Peter McMahon – American miner

The mining industry in the United Kingdom is normally associated with the north of England, Wales and Kent – but Ireland had its mines as well. From the seventeenth century, coal was being mined in county Tyrone and the McMahon family got in on the act. There’s even a small town today in the county called Coalisland.

Peter McMahon (1867-1935) decided to become a miner but went to train in the United States. So how did that happen? Well, the McMahon clan had been waving goodbye to family members bound for America for a century. And Peter’s first cousin, Dungannon born Eugene Owen Bradley (1850-1914), was already a miner in Pennsylvania. As Peter was a teenager when he made the boat trip across the Atlantic, it’s more than likely he stayed with Eugene Owen and his family.

As a point of interest – and mentioned already on this blog – Eugene Owen’s sister Margaret (1852-1928) was a nun with the name Sister Pantaleon and she wrote from her American convent back to her family in Tyrone and even sent them a peach stone to plant in Ireland and see if it would grow.

According to his grandson, another Peter McMahon (1937-2021), while he never met his grandfather, his son Felix often remarked that Peter the miner often used American terminology like ‘sidewalk’ for pavement. We don’t know how long he was in the United States for but he didn’t make it his home. He returned to Tyrone but then went to join his brother George (1870-1942) in Durham. They both worked as miners in the north east of England.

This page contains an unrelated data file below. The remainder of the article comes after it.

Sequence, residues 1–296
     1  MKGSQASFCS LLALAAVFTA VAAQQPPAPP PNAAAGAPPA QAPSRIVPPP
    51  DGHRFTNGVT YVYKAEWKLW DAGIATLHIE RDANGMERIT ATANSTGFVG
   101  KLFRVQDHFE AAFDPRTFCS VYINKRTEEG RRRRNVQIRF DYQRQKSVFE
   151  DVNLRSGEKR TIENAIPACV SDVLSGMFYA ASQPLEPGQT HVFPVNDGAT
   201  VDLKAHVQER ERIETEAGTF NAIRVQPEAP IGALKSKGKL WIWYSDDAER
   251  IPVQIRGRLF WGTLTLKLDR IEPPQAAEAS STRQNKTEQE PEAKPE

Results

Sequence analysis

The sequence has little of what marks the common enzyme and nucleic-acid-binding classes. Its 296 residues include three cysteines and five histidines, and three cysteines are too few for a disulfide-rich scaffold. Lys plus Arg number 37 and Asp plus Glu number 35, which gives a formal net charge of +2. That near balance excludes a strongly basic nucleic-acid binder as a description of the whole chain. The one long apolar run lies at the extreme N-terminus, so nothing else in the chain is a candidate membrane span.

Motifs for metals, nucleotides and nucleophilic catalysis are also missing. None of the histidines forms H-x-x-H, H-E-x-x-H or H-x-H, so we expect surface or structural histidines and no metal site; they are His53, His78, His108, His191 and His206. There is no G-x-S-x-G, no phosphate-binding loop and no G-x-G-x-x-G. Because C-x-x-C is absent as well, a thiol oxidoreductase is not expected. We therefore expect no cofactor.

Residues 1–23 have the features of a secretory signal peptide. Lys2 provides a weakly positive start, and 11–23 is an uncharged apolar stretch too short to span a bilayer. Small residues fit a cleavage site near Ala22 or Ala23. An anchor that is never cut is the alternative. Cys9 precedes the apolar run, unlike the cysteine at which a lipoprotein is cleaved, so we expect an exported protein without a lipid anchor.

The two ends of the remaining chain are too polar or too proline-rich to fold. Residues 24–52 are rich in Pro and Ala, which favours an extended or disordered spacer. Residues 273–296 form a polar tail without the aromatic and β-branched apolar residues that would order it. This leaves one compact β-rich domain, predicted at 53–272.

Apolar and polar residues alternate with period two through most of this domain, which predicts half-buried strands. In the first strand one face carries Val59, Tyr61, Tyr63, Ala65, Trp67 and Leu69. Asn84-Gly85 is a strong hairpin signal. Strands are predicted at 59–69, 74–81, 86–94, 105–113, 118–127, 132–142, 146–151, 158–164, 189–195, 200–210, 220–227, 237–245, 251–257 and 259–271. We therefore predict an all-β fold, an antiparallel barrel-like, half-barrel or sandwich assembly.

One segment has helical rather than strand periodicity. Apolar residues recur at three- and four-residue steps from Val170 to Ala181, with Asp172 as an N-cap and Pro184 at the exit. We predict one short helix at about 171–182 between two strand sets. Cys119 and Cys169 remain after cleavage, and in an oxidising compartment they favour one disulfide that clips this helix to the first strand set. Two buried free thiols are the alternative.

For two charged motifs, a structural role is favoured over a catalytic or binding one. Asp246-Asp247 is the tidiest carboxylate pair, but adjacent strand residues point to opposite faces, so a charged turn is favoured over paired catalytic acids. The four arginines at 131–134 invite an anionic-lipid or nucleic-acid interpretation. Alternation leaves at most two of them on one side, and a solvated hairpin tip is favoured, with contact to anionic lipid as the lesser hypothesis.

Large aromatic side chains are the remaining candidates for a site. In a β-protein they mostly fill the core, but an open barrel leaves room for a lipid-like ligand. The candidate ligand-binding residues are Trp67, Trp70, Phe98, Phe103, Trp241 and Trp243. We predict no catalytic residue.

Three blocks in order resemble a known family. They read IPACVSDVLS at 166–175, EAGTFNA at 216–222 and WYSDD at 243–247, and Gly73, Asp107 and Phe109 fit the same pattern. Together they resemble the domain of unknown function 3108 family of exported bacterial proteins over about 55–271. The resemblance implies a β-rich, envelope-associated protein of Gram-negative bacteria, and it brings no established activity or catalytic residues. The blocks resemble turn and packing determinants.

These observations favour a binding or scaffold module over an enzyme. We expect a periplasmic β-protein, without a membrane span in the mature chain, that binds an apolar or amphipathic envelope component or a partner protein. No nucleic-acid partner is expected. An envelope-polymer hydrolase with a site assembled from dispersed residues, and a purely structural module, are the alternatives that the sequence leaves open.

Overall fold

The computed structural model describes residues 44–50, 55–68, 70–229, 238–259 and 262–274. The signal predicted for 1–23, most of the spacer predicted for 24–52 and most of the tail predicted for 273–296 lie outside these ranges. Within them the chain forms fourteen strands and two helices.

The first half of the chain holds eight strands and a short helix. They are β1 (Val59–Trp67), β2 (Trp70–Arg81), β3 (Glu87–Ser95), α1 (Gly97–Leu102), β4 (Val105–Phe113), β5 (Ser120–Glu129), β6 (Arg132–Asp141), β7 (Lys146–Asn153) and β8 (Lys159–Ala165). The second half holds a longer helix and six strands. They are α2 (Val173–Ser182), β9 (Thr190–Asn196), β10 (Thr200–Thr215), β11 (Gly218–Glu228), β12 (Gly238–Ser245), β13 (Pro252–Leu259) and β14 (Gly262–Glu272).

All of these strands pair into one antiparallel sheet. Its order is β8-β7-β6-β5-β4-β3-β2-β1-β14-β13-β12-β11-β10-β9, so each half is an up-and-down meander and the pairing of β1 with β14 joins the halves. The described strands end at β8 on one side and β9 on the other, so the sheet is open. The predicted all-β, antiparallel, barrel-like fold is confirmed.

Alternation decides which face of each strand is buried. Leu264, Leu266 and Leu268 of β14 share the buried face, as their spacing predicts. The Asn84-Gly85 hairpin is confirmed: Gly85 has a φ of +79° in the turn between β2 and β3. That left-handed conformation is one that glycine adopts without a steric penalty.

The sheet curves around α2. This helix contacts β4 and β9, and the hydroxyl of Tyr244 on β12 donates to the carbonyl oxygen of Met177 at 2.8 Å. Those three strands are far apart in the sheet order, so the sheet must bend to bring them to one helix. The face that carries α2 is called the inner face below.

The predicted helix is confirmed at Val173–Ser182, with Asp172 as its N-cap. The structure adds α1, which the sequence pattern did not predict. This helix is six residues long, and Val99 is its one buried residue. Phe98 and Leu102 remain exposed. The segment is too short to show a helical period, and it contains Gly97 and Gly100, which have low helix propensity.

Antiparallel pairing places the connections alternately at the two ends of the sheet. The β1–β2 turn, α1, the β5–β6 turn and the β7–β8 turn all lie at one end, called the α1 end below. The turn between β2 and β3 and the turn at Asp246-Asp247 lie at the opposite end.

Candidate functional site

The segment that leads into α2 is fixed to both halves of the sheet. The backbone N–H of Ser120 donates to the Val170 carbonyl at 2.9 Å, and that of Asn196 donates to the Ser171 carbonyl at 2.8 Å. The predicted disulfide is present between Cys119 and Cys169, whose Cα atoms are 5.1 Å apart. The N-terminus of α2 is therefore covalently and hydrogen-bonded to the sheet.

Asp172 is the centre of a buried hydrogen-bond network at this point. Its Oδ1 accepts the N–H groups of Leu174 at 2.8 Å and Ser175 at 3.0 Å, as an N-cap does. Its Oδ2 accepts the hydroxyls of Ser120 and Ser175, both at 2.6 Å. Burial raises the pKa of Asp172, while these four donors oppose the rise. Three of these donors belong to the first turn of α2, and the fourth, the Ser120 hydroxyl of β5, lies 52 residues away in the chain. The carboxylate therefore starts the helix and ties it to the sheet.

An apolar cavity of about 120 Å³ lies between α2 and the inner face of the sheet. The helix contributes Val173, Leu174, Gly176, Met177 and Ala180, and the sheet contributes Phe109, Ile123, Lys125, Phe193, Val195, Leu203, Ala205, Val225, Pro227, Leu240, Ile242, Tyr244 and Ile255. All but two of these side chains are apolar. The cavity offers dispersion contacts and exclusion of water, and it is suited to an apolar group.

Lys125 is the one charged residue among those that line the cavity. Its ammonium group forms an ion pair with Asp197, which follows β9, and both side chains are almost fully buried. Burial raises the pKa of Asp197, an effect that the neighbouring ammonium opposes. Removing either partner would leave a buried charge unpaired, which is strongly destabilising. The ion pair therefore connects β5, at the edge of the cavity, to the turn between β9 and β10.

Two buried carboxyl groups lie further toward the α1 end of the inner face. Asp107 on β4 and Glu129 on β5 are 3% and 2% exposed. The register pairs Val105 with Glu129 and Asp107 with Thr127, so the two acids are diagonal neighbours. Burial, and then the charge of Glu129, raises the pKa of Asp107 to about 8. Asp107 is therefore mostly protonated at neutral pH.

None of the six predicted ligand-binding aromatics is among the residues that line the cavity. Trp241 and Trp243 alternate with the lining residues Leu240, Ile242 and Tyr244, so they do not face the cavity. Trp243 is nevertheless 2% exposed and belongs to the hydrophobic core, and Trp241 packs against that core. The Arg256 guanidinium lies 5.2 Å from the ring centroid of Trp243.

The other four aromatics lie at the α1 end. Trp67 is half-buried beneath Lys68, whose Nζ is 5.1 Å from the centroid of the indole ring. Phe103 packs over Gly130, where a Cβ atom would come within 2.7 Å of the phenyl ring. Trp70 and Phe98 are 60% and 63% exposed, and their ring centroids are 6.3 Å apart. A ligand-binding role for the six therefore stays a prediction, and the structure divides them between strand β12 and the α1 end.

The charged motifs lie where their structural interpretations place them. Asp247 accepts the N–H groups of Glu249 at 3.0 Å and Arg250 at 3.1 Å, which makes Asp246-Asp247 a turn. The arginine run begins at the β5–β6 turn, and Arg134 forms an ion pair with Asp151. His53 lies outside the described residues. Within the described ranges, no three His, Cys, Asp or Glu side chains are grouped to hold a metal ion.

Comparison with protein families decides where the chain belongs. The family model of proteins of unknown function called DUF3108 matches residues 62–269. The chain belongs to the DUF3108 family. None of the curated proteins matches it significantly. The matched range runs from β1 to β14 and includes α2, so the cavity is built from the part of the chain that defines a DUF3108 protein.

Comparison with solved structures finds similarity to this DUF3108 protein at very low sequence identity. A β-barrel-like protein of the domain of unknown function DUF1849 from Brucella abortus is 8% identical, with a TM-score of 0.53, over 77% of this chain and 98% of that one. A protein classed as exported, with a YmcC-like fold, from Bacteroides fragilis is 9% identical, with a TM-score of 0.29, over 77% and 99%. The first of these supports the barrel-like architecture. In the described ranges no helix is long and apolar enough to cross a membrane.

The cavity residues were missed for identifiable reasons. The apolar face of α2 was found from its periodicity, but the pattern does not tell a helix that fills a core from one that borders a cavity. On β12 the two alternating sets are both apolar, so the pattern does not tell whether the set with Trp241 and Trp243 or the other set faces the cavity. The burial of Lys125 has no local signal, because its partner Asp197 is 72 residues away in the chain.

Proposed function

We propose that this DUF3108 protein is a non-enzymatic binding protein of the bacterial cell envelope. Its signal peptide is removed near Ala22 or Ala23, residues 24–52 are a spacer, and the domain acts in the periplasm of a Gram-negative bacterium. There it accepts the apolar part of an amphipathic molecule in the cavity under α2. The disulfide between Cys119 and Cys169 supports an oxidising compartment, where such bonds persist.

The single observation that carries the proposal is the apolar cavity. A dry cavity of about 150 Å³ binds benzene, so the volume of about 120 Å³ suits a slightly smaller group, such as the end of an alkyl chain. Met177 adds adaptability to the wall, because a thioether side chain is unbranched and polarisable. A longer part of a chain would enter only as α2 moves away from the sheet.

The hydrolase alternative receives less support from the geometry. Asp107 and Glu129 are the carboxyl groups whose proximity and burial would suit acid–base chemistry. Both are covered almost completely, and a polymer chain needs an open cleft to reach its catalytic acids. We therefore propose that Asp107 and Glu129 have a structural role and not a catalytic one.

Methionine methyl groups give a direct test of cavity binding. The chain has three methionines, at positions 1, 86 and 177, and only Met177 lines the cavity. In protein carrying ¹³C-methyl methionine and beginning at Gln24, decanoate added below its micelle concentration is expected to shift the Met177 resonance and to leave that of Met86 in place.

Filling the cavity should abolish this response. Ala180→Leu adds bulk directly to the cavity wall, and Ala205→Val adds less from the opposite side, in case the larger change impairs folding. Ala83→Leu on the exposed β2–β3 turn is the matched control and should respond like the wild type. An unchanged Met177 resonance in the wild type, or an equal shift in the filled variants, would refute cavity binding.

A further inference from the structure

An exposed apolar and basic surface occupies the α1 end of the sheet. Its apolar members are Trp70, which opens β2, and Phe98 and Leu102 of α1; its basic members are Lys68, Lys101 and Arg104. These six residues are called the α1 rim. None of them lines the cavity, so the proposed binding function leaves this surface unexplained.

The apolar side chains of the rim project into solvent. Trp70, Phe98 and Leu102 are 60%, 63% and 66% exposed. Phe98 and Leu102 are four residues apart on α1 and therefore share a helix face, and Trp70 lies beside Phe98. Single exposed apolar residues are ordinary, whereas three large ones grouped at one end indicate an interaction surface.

At some point, the American trained miner returned back to Tyrone and lived out his days as a farmer in what is now Northern Ireland. His occupation was listed as ‘miner’ on his death certificate.

According to the 1837 Topographical Dictionary of Ireland by Samuel Lewis, the Drumglass parish – which is where most of the McMahons of Tyrone come from – had extensive coal seams worked by the Hibernian Mining Company, under a lease issued by the Church of Ireland Lord-Primate of Armagh:

The upper and best seam is about a foot thick; under it is a thin stratum of iron-stone, and then a seam of coal two feet thick. About 180 persons are employed, who raise 500 tons weekly. A drift is being made from these works to coal beds on the Earl of Ranfurly’s estate, about a mile distant; and a line of railway has been marked out from the collieries to the Tyrone canal at Coal Island.

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